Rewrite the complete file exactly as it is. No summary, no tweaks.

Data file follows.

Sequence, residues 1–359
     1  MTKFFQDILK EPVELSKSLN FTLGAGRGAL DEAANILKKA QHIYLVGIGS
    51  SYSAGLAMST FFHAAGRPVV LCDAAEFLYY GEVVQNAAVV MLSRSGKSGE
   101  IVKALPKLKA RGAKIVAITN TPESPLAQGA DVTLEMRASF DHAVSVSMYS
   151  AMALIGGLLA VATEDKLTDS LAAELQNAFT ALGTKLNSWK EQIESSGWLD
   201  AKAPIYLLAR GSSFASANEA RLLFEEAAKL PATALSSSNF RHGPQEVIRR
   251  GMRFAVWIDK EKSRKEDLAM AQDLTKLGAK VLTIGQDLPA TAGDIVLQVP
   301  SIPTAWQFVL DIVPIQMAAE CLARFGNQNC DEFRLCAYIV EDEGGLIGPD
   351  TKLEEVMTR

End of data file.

Sequence, residues 1–359
     1  MTKFFQDILK EPVELSKSLN FTLGAGRGAL DEAANILKKA QHIYLVGIGS
    51  SYSAGLAMST FFHAAGRPVV LCDAAEFLYY GEVVQNAAVV MLSRSGKSGE
   101  IVKALPKLKA RGAKIVAITN TPESPLAQGA DVTLEMRASF DHAVSVSMYS
   151  AMALIGGLLA VATEDKLTDS LAAELQNAFT ALGTKLNSWK EQIESSGWLD
   201  AKAPIYLLAR GSSFASANEA RLLFEEAAKL PATALSSSNF RHGPQEVIRR
   251  GMRFAVWIDK EKSRKEDLAM AQDLTKLGAK VLTIGQDLPA TAGDIVLQVP
   301  SIPTAWQFVL DIVPIQMAAE CLARFGNQNC DEFRLCAYIV EDEGGLIGPD
   351  TKLEEVMTR